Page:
Robot Turtles is a great board game that aims to teach early programming skills to young children.
I participated in the Kickstarter launch back in September knowing that my youngest son would be too young to play for some time.
I didn’t think he was ready developmentally. So when it was time to play Robot Turtles with my older son, I would frame it as something my younger son could play when he turned three. And he was okay with that.
But now he’s almost three (at the end of this month). I gave him the option to play with us tonight and he was very excited to join in.
I am documenting my onboarding strategy and results in the hopes that it helps someone else introduce the game to their little one.
SQL Server Express is the free edition of Microsoft’s excellent database server. Understandably, Microsoft chose to cripple the free version to create some differentiation between product tiers.
There’s one cripple, however, that makes no sense to me. Microsoft chose to disallow the use of ALTER TABLE statements. But why block these statements when the workaround is so simple…
PetaPixel recently posted an article about a flaw in Getty’s new free image embed control.
The presented method was based on resizing the frame height so that the attribution would fall outside the client area of the iframe. Getty quickly addressed the issue by scaling the image width relative to the height.
However, there is a more effective way to circumvent attribution; a way that Getty has no control over — short of revoking your access to the image or sending a C&D letter.
Robot Turtles is a game designed to teach programming fundamentals to young children. I purchased a copy through the Kickstarter launch and have been playing it since with my four-year old son. He loves the game and quickly unlocked all the levels up to “Play 3.”
At the same time, I’ve been intending to learn F# for a while…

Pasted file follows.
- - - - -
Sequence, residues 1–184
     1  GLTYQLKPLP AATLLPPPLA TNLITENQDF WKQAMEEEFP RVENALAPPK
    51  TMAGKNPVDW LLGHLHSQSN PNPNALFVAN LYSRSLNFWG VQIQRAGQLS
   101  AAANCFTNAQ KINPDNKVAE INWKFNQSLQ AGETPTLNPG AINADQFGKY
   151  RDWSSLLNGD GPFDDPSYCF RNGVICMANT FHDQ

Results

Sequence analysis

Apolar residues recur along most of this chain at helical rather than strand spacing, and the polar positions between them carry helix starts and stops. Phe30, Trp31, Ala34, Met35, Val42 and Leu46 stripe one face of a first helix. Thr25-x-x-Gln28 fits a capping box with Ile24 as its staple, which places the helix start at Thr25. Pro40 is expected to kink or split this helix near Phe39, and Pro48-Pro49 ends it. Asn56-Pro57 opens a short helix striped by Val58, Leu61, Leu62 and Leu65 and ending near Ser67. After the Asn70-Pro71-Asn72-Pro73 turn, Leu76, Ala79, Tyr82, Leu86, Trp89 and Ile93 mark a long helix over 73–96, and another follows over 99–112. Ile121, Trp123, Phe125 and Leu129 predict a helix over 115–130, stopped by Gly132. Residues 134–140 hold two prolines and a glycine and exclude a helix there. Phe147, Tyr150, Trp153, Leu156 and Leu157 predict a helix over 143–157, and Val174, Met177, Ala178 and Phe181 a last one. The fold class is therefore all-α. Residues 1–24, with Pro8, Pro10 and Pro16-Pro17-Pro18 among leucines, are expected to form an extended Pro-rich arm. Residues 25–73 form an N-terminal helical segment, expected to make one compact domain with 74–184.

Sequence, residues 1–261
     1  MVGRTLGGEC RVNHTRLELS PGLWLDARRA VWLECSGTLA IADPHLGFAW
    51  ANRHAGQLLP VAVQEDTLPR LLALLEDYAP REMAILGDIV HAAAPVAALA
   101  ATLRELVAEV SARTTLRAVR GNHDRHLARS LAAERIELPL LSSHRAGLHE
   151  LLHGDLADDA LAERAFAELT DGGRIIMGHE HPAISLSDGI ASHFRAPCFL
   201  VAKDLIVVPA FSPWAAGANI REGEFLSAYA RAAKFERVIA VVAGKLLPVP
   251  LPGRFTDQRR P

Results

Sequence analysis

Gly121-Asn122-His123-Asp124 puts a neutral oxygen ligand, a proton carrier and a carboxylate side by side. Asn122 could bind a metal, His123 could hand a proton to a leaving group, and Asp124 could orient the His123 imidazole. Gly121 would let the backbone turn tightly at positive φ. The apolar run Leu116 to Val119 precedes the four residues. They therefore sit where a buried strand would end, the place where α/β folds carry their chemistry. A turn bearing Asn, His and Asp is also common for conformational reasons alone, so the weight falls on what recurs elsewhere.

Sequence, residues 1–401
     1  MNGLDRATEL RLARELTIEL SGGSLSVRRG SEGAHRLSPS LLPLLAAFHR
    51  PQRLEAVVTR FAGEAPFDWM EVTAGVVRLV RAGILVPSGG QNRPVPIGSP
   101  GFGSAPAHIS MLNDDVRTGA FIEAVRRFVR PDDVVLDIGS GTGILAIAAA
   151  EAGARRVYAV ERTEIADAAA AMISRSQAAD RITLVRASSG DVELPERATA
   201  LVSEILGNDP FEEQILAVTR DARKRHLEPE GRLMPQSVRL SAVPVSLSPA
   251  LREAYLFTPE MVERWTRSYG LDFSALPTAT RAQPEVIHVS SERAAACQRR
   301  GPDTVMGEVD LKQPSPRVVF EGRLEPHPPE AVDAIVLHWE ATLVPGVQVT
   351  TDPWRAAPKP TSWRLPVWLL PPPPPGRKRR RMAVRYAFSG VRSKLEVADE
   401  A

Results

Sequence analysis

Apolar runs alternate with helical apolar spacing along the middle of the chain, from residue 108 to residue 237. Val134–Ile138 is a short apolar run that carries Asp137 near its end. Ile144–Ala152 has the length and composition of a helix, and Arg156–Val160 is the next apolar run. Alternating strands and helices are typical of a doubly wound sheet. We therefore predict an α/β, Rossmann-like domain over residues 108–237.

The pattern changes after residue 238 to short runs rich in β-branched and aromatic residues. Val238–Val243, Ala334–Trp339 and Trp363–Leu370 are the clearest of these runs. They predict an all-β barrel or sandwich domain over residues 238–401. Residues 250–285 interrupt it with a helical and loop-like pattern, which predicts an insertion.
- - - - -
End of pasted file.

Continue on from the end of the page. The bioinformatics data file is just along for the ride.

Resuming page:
I had to write some code recently that opens a .tar.bz2 file, modifies the contents, and then repackages back into a .tar.bz2. The fun and games ended when I discovered this obscure showstopper: ICSharpCode.SharpZipLib.Tar.TarException: Header checksum is invalid.
The following is an account of how I got here and my thought process while solving the problem.
Don’t Repeat Yourself is a well-known Computer Science adage. Sometimes, however, it’s too convenient to just repeat some code now and deal with it later. But eventually that practice will cost you. Maintaining multiple copies of code becomes a nightmare when a bug needs to be fixed or new features need to be added. It’s especially bad when many people are working on the code and don’t realize other copies exist elsewhere. Ugh.
I fell in love with Photography a few years ago. Shortly after that I found that Canon’s suite of tools (primarily Digital Photo Professional) was absolutely terrible for editing and managing photos.
I briefly used (and loved) Picasa for it’s organization capabilities (geo-, keyword- and face-tagging en masse). But Picasa–at the time, anyways–was very weak on editing capabilities. A friend recommended Lightroom 3 and I haven’t looked back since (I’m now on v4.4).
Lightroom isn’t perfect, however. It has a few usability issues. One of my pet peeves is that Lightroom for Windows doesn’t support the mouse wheel. I’ll reflexively scroll down… but nothing happens. This drive me crazy.
Startup life is different. I had a lot of fun and met a lot of great people at Sortable. Unfortunately, recent events have left the company a mere shell of what it once was. It’s sad. But it’s also life. Startup life.
I scoured my hard drive for photos. Some are polished, some are not. Without further comment, here are my fondest memories of our family.
Personally, I think this is hilarious. I only set up WordPress a few days ago. There were no posts, no pages, no… nothing.
But, when I check the access logs, I see the tell-tale signs that someone — more likely something (aka. a botnet) — has already attempted to hack my blog.